120 years later, and the family is considered by many to produce the finest oysters in all the world, described in the culinary media as ‘the Rolls Royce of oysters’. Today, Thierry and Veronique are the 4th generation of the Gillardeau family who are oyster farmers and they have reaped the rewards of creating a progressive company, unusual in a land where its traditions and stubborn refusal to change are legendary.
The Gillardeau family began using techniques such as cultivating with much less density, more manipulation and much more detailed monitoring of the depth, temperature, environment and diet of their oysters. It also began raising the oysters to maturity in different locations, with roughly half of Gillardeau’s oysters now raised in Normandy, (near Utah Beach), and the other half in County Cork and County Kerry, Ireland. These are areas where the waters are cleaner, there are fewer parasites and less agricultural runoff. They are then finished in the salt ponds of Marenne-Oleron, where every aspect of their environment is monitored and adjusted where necessary.
Their ‘specials’ oysters are fleshier, plumper, richer in flavour and beautifully balanced with the taste of the sea. Such is the quality and reputation of the Gillardeau oyster they have for decades fetched a significantly higher price in the market than those of other producers, even from the same region.
Sometime around a decade back, the family began to notice inferior oysters, sometimes even coming from a different hemisphere, being sold off as their family brand. Far from flattered, they quickly realized that this was not only damaging for their own business but also for the businesses of their clients and so, they decided that dramatic action was required to eliminate the problem.
Veronique Gillardeau is quoted in Singapore’s ‘Peak’ magazine as stating “We put a lot of effort into controlling the level of bacteria in our oysters, and we can’t stand for copies that might result in health problems, when other people don’t check their products”.
The company decided to spend close to eight million dollars on laser technology that cuts a small Guillardeau logo, the letter G in a circle) into the shell of every single oyster they sell. The laser cut is unique, does not effect the taste and the equipment can laser 4 oysters every second.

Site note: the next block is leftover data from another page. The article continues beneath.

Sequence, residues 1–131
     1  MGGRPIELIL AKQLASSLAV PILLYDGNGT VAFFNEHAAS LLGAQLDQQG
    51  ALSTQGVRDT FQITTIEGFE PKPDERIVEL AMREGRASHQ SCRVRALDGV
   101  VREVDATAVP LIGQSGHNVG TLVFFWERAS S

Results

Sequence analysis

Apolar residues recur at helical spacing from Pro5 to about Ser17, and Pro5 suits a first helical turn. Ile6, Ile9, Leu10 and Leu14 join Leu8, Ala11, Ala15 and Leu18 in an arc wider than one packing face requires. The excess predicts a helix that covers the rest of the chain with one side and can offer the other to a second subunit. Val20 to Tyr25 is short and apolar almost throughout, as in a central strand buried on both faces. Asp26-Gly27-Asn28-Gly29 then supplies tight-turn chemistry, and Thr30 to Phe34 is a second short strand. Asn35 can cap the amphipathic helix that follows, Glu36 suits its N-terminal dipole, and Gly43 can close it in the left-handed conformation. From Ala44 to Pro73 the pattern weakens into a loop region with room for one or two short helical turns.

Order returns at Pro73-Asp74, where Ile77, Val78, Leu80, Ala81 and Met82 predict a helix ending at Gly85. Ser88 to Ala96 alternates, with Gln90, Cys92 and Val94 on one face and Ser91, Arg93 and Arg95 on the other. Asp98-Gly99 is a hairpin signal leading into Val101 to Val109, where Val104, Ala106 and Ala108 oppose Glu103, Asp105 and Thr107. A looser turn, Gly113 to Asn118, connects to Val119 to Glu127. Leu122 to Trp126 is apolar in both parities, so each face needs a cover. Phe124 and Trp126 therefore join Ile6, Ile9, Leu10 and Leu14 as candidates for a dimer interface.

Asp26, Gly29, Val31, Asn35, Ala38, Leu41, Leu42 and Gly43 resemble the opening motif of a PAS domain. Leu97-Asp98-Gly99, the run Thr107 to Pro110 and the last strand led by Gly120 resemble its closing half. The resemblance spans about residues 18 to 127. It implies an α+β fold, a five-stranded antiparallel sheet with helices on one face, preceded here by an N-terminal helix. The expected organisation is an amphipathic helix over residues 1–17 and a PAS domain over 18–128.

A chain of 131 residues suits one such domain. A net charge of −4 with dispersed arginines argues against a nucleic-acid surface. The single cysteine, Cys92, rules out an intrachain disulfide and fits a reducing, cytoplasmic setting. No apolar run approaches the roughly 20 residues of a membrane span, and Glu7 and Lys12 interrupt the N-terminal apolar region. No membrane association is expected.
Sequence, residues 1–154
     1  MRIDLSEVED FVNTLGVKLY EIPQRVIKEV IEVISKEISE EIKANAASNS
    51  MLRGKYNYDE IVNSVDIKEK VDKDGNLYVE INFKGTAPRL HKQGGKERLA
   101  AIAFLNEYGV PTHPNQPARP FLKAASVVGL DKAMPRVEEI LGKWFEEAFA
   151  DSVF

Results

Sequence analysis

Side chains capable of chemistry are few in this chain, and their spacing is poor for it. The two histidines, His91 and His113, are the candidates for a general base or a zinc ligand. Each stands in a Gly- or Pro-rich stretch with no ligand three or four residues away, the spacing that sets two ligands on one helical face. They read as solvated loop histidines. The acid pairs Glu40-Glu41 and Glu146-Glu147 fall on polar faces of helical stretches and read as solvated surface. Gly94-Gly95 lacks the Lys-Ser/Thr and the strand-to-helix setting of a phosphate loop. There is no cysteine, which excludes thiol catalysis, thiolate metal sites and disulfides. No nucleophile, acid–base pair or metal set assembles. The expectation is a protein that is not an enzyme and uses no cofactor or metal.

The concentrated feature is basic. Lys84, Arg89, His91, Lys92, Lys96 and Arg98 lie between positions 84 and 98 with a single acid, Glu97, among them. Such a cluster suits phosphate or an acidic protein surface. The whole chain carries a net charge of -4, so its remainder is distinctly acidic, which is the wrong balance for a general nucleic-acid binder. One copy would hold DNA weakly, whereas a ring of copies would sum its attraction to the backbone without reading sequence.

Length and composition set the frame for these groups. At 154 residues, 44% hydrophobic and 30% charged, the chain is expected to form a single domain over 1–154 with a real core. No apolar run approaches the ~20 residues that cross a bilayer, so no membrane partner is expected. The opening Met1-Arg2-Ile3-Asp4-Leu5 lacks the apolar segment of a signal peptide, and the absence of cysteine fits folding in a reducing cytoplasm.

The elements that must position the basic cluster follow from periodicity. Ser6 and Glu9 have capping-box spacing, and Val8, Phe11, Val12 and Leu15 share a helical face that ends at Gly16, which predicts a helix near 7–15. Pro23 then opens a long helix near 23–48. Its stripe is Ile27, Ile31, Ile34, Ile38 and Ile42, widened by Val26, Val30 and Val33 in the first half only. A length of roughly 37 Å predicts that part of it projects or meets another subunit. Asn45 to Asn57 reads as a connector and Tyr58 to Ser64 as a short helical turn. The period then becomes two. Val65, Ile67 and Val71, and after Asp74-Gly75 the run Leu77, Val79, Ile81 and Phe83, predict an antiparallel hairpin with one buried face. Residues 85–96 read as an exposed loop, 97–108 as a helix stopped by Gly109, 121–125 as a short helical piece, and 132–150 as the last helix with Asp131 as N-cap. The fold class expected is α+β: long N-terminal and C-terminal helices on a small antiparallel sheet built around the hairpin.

The first laser cut Guillardeau Oysters hit the market in 2014 and given the media mileage and consumer equity the brand has gained from it, the investment seems to have been well worth it. The family’s reputation for oyster farming not only protected, but well and truly enhanced.
Guillardeau oysters are air flown to Cambodia and available at Topaz restaurant, they simple have to be tried, whether a lover of oysters or not, their quality and exceptional merroir simply has to be experienced, preferably with a Cru Chablis of an equally inimitable standing.
If you are eating your oysters raw, (the preferred option) then they must be both alive and well chilled. A few drops of citrus acidity can enhance and lift the flavours of your oysters and is all you really need to, just don’t overdo it. Chew your oyster slightly in order to fully appreciate its flavour, its wonderful minerality and its delightful texture. When considering a wine pairing it is worth noting, all that sea salt/mineral wash character in your oyster is going to need a wine with greater acidity to get over the top of it; Champagne, Chablis, Sancerre, Pouilly fume or a fine Muscadet Sur Lie, all offer wonderful possibilities.